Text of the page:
Self-Image: How We See Ourselves and Why It Matters

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All of us tend to think that we’re okay and it’s everyone else who’s all screwed up. But usually the truth lies somewhere in the middle. Others have their flaws, we have ours.

Self-image is the conceptualization we form in our minds about the kind of person we are. We all draw a mental picture of ourselves, and it’s a picture that tends to remain relatively stable over time unless we take deliberate steps to modify it. Some researchers use the term self-schema (the term schema referring to an outline, model, or representation of a theory) when studying self-image and how we acquire it. There’s evidence the image of ourselves that we develop is based in large measure on what we’ve learned from our environment, such as what other people have told us about ourselves and how they appeared to respond to us. But our self-concept is also based in part on our own reactions, our unique interpretations of events, and especially the manner in which we appraise both ourselves and the nature of our interactions with others. There’s plenty of evidence that how we see ourselves really matters. Our self-image is important for many reasons but mostly because the extent to which it is both accurate and balanced significantly impacts our overall psychological well-being and the character of our relationships.

A person’s self-image can become distorted, imbalanced, or otherwise unhealthy for a variety of reasons. As children, we’re particularly sensitive to the judgments we perceive are passed on us by our parents, other authority figures, those with power or influence over us, and especially our peers. If those judgments are too often and/or too intensely negative, we’re likely to internalize a self-concept that’s more negative in character. But our innate personality characteristics play a role in our self-image development, too. Some individuals are particularly sensitive to criticism and might carry to an extreme the interpretations they make about events or about actions that reflect negatively on them. To this day, I can remember my then 4-year-old sister having a total “meltdown” after I said something ugly about one of the mud pies she had so carefully fashioned in our backyard and wanted me to try! Others, who tend to put so much pressure on themselves to be “perfect” might regard even the smallest of setbacks as evidence of personal failure and worthlessness. But forming a negative self-image is not the only kind of self-perception problem a person can have. Our self-image can become problematically distorted in the opposite direction as well. Children who are used to getting inordinate praise and attention for their talents, looks, or social facility can come to overly positively appraise and esteem themselves. I’ve written about the kinds of things that can inflate a person’s ego and the problems that can cause in several articles:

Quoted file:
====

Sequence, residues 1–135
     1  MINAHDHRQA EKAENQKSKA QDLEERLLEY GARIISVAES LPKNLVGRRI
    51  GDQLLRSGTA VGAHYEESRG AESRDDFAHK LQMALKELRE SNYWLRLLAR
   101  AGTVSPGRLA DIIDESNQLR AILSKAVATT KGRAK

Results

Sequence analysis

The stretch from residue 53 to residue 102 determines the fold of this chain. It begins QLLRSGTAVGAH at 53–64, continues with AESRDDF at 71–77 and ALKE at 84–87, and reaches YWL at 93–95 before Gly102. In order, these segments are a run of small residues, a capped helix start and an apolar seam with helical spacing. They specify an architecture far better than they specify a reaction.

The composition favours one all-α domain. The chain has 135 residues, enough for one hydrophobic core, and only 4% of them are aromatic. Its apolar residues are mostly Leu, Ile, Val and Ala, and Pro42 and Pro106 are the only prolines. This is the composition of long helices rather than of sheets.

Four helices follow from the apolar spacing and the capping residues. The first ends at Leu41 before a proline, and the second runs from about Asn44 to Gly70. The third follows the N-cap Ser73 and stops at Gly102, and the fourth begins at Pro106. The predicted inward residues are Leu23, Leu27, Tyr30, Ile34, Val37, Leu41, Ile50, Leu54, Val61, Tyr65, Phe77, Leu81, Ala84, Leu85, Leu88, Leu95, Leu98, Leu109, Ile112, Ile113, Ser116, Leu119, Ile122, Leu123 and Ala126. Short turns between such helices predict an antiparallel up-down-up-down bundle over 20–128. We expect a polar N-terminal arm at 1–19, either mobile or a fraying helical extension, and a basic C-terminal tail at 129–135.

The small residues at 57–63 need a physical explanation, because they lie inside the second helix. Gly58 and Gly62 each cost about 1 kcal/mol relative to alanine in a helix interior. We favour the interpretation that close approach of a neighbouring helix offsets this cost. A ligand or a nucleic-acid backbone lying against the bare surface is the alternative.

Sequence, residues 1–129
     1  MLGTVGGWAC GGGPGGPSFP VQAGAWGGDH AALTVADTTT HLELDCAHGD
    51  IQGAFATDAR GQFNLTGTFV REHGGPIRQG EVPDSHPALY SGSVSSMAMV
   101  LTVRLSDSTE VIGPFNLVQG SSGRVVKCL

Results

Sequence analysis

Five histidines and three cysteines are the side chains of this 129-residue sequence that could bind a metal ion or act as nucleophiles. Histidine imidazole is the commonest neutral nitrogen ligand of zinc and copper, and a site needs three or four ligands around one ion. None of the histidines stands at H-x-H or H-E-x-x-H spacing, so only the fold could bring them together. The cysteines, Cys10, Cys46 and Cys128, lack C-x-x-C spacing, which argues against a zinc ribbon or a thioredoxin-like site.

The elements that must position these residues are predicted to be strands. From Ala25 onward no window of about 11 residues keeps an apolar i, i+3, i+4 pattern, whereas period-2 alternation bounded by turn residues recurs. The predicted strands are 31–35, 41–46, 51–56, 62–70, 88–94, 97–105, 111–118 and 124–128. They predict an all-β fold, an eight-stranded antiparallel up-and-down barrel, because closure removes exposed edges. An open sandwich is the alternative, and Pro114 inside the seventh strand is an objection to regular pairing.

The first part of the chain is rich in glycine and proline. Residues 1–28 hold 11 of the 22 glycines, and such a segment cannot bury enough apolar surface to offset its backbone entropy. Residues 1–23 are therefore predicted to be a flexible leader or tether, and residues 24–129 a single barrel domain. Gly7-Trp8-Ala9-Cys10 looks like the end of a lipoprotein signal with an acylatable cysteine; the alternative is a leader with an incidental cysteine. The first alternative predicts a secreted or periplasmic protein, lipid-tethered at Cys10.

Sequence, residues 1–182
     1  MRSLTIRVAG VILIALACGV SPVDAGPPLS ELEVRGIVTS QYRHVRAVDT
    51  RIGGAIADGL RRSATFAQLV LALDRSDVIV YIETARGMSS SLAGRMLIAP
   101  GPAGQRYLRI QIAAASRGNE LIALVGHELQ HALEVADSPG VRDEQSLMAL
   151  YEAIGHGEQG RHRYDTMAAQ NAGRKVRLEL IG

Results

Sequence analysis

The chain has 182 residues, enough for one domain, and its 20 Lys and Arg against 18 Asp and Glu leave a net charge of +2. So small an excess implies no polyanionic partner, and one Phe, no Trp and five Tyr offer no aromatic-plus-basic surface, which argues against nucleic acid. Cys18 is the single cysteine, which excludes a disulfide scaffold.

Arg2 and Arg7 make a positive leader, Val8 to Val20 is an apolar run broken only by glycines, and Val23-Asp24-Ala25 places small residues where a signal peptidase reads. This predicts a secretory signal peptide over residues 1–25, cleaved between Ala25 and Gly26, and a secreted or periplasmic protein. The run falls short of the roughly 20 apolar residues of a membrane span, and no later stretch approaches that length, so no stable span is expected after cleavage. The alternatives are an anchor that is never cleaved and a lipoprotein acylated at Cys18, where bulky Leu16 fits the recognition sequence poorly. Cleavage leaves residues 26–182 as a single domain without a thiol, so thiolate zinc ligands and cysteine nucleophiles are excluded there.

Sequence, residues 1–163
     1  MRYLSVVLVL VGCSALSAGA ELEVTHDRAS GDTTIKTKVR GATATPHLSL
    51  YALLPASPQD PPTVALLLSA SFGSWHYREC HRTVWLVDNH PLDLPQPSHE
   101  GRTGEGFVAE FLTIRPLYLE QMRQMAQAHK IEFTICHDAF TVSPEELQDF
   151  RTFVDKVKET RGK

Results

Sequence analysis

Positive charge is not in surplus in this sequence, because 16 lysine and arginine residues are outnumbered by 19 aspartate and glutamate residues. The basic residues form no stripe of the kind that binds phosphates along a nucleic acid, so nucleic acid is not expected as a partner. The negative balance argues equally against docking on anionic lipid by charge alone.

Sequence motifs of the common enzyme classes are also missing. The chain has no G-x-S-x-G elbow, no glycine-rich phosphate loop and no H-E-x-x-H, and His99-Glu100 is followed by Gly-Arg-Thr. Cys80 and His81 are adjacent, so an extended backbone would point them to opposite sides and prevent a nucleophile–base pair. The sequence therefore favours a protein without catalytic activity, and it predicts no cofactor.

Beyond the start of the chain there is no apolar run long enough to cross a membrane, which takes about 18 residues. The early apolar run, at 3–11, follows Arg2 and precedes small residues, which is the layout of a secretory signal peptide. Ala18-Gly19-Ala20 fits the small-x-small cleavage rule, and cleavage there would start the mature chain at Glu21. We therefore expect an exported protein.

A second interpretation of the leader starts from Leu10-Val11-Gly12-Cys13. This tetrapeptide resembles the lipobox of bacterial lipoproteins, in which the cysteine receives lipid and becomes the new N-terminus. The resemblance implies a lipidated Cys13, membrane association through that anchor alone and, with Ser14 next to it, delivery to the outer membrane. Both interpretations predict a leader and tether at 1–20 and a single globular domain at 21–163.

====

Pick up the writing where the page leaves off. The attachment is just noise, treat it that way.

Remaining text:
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The key to a healthy self-image is getting both the perception and the balance right.

Over the years I’ve engaged in consultations of various types with individuals and couples seeking my expertise on matters pertaining to personality and character, and it never ceases to amaze me how differently each party in a relationships sees not only their partner but also themselves. If they happen to be familiar with my books (In Sheep’s Clothing [Amazon-US | Amazon-UK](?), Character Disturbance [Amazon-US | Amazon-UK](?), or The Judas Syndrome [Amazon-US | Amazon-UK](?)) or online articles, each one will point to the other as the highly disturbed character in the relationship while casting themselves as the more “neurotic,” dependent party and hapless victim. To top it off, each seems perplexed the other doesn’t see them in the same way.

Why does how we see ourselves matter? It matters partly because we tend to become all too comfortable with ourselves. By definition, most personality styles are “ego-syntonic” (i.e., the person finds their way of seeing things and doing things both agreeable and preferable). All of us tend to think that we’re okay and it’s everyone else who’s all screwed up; this is particularly true when it comes to character disturbance. But usually the truth lies somewhere in the middle. Others have their flaws, we have ours. And, if we’re ever going to be truly and accurately able to address the flaws in another, as a wise person once said, we must first remove the distortions in our perceptions that cloud our own judgment.

Here are just a few of the questions that can help anyone to reflect on how they see themselves:

  • What do you see when you look in the mirror?
  • Do you see what others see?
  • Are you governed by it?
  • Can you accept criticism without going to pieces (i.e., “constructively” as opposed to destructively)?
  • Can you live with the idea that there’s room for improvement in the kind of person you want to be?
  • Do you think so little of yourself that you should feel fortunate that anyone else would want you?
  • Do you think you’re perfect and everyone else has to shape up?
  • Do you know full well you’re anything but perfect but resort to impression-managing others instead of committing yourself to the task of self-improvement?

The way you see yourself not only says a lot about your psychological adjustment but also matters a lot for your interpersonal relations. And, of course, when it comes to self-image, the task of a lifetime is to get it right.

All clinical material on this site is peer reviewed by one or more clinical psychologists or other qualified mental health professionals. This specific article was originally published by on and was last reviewed or updated by Dr Greg Mulhauser, Managing Editor on .

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